This Day in Jewish History

1923: Nachum Malek Is Born, Will Become Norman Mailer

Macho provocateur, social commentator and political dabbler: Obnoxious as some found him, attempts to understand society better made Norman Mailer just as profound.

Norman Mailer, left, and his sixth wife, Norris Church. Mailer is wearing a pinstripe suit and a shiny tie. Church is wearing a jacket and earrings and looks taller than him.
AP

January 31, 1923, is the birthdate of Norman Mailer, prolific American novelist, journalist, dabbler in politics, macho provocateur and social commentator, whose sense of self-importance made him frequently obnoxious, but whose unceasing attempts to understand society better made him no-less frequently profound. Mailer wrote 12 novels, more than one of which exceeded 1,000 pages in length, but today, the literary consensus is that it was his works of non-fiction that were of more lasting value.

Norman Kingsley Mailer – his Jewish name was Nachum Malek – was born in Long Branch, New Jersey, the hometown of his mother, the former Fanny Schneider. Her father was a trained rabbi, and owner of a grocery store and later a boarding house there.

Norman’s father, Isaac Barnett Mailer, was the son of Lithuanian-born immigrants to South Africa, and had himself emigrated to the U.S. in 1919. Barney, as he was called, made a living as an accountant and businessman.

How the world lost an aeronautical engineer

When Norman was 9, the family, which also included a younger sister, Barbara, moved to Crown Heights, Brooklyn. There, he attended P.S. 161, and then Boys’ High School, from which he graduated in 1939.

Only 16 years old, he entered Harvard that fall, where he made an immediate impression as a sharp dresser and braggart about his purported sexual conquests.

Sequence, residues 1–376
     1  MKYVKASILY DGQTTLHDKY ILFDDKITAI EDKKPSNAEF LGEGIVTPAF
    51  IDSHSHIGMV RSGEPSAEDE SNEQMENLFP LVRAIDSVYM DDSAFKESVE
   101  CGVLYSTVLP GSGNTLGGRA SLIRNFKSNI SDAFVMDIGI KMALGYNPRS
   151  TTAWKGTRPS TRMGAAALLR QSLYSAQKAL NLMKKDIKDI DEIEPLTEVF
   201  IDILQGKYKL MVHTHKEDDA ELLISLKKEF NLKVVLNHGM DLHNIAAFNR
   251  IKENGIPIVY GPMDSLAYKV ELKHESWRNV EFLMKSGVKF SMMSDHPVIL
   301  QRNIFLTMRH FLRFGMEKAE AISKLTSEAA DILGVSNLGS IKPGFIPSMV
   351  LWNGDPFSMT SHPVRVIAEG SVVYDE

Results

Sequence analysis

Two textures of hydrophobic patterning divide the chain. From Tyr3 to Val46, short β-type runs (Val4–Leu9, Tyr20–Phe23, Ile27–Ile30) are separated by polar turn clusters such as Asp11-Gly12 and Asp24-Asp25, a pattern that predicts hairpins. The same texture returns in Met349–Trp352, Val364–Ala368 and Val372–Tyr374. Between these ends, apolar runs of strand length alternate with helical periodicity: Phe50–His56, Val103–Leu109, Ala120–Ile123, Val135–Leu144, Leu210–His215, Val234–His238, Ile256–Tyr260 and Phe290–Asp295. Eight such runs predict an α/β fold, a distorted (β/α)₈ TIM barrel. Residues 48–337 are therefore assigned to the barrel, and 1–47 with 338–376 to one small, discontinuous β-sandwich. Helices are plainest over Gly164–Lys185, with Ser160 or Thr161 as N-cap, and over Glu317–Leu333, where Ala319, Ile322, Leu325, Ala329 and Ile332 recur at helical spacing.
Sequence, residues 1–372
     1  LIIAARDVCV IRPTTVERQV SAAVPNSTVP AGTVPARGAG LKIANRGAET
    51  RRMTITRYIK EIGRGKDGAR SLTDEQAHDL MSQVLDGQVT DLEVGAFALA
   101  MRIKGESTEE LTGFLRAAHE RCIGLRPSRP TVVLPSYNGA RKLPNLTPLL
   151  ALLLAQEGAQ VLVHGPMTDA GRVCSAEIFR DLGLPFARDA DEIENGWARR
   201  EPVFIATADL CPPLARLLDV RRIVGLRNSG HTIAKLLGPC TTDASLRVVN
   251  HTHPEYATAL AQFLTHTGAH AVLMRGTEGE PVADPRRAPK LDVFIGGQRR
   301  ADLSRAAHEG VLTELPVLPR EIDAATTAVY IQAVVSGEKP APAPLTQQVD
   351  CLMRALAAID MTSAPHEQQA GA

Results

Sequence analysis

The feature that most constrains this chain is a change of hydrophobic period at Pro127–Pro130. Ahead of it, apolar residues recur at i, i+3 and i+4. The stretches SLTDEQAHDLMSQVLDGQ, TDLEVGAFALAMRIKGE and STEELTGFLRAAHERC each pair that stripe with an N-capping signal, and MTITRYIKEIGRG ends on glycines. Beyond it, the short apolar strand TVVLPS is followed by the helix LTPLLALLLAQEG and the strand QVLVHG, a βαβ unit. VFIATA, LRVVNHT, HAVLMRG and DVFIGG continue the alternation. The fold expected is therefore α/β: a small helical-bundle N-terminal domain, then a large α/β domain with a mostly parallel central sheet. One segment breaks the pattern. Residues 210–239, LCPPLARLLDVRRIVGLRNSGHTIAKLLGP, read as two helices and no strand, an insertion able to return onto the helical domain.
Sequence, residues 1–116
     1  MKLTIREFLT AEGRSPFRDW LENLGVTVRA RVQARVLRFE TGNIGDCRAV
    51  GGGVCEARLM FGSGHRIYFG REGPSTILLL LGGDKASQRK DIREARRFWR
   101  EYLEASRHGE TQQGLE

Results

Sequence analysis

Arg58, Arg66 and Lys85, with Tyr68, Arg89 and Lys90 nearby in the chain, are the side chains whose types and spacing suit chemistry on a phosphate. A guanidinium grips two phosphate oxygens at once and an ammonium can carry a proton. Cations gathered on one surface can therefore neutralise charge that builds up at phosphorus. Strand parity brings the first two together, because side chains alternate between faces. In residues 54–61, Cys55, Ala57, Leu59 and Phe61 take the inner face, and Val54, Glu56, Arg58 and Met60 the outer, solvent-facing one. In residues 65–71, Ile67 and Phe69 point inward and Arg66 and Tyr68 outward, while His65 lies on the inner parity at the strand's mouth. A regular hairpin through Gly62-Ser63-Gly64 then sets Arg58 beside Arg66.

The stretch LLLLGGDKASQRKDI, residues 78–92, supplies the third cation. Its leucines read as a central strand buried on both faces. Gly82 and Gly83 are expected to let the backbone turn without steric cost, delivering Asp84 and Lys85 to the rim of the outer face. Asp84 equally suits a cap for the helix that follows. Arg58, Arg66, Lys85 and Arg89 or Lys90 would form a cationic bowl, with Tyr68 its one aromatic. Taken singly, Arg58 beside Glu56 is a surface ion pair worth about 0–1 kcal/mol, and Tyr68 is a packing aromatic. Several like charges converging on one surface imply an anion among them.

Norman initially studied aeronautical engineering, but during his sophomore year, began writing fiction. He is said to have soon set himself a quota of 3,000 words a day, hoping that the pace would enable him to rapidly expel the bad writing in his system. In fact, in 1941, Mailer won first prize in a contest held by the prestigious Story magazine.

He graduated college in 1943 and applied for a deferral from the army, based on the fact that he was in the midst of writing “an important literary work.” The army wasn’t impressed and Mailer was called up in the spring of 1944, shortly after marrying Bea Silverman, the first of his six wives.

Mailer was sent to the Philippines. There he spent most of his time in an army kitchen, though he used his one foray into battle, on the island of Leyte, as inspiration in part for his first novel, “The Naked and the Dead,” published in 1948.

That book made him an overnight sensation, selling more than 200,000 copies in a mere three months, and also receiving critical acclaim. Unfortunately for Mailer, the two novels that followed, “The Barbary Shore” (1951) and “The Deer Park” (1955), were both critical and commercial failures, and put him off fiction-writing for the next decade.